There have been reports of crop injury from improper sprayer cleanout. Be sure to clean nozzles, screens and filters, more information on proper cleanout can be found in the NDSU weed control guide on page 70 section A8.
Area Extension Specialist/Cropping Systems
Scab is showing up in the wheat and barley fields in our region. Much of the stripe rust has gone into the black teliospore stage; however at the LREC, we still have some yellow-orange pustules present in our small grains. Also, a few leaf rust pustules can be found sporadically on these plants. Stripe rust causes the flag leaf to dry -own rapidly (see photo).
Corn growth has been excellent in last few weeks. Corn is starting to tassel in the southern and valley parts of my region. Meanwhile, we have water-affected soybean fields which can be found in high rainfall areas. These fields look chlorotic and are developing slowly. Outside these areas, we have a lush late-July soybean crop coming along.
We finished up our on-station and off-station field days on Tuesday. Thanks for all the support for our research and extension programs!
Area Extension Specialist/Agronomy
Isolated hail events have had a significant impact on some crops. Depending on location, a slight defoliation to complete defoliation of soybean has occurred. Rainfall totals for the last week have ranged from 0.2” to 1.65” in Bottineau and Rugby, respectively. The NCREC has received 0.4” of rainfall during the last week. The NCREC hosted their annual field day on July 15. Over 150 people were in attendance to hear topics focused on soybean production. Additionally, other regional field tours around the area have been well attended.
IPM scouting of wheat, barely, soybean and sunflower continues. Fusarium head blight has been quite prevalent in HRWW, HRSW and durum wheat. Corn has begun to tassel. Currently, the NCREC has accumulated 1088 GDD based on a May 1 planting. The normal accumulated GDD for this location is 1023.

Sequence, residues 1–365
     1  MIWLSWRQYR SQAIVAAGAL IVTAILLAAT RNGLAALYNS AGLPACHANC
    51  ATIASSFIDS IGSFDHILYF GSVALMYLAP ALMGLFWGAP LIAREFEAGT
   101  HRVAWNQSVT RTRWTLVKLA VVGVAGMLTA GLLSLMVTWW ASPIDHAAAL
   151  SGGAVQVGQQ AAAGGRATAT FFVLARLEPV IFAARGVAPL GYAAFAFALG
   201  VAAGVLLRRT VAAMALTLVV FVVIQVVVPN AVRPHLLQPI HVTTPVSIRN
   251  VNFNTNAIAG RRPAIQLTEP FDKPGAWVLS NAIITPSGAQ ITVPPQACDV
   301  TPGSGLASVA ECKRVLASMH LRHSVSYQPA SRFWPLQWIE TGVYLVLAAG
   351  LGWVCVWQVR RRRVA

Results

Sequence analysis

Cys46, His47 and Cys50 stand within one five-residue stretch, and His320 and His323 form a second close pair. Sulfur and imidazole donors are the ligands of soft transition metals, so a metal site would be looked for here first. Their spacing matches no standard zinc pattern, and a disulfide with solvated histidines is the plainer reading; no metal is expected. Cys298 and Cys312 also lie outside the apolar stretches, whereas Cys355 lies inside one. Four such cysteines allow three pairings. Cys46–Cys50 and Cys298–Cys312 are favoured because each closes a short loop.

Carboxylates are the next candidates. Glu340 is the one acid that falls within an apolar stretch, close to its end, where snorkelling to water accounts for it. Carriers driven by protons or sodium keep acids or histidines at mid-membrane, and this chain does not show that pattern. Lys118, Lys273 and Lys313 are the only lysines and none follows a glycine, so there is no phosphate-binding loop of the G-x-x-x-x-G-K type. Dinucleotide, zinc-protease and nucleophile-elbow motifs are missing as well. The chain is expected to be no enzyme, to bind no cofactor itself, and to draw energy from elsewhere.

Area Extension Specialist/Cropping Systems
Waterhemp is Moving North in the Red River Valley
I stated in winter meetings the ‘waterhemp line’ or fields where waterhemp could be scouted for and found in corn, sugarbeet, soybean or small grains fields was somewhere between Wahpeton and Fargo in 2014. Last week, at the Northwest Research and Outreach Center (Crookston. MN) Crop and Soils Day, I stated that I believed the waterhemp line had moved north or perhaps between Fargo and Hillsboro, ND in 2015.
I got feedback that waterhemp has been found in fields further north, perhaps as far north as US highway 2. This week I found waterhemp in fields near Ada and Hendrum, MN and received pictures that appear to be waterhemp in a field near Euclid, MN (north of US 2, north of Crookston).
How is it moving so far so fast? Scientists know waterhemp seed moves readily in water. Scientists also believe that geese and ducks feed on waterhemp and perhaps distribute seed as excrement along flyways. Finally, humans (us) unintentionally move seed, especially with our harvest equipment.
Farmers must continue to scout fields and properly identify weeds in fields. Set the expectation for zero tolerance for weed escapes and make maps of areas in fields where weed escapes occur. And finally, prepare to adapt your weeds management strategy for waterhemp. Waterhemp is easy to manage in fields planted to corn, soybean, small grains and sugarbeet when it is part of a weeds management strategy. However, it is much more difficult to manage when escapes are found in fields, especially following the first or second herbicide application. Manage weeds on the edges of fields.
Extension Sugarbeet Agronomist
NDSU & U of MN
Palmer Amaranth – A Plant Form of Cancer
In the very small chance that readers have not heard of Palmer amaranth nor heard of the devastation it can inflict, here is a summary: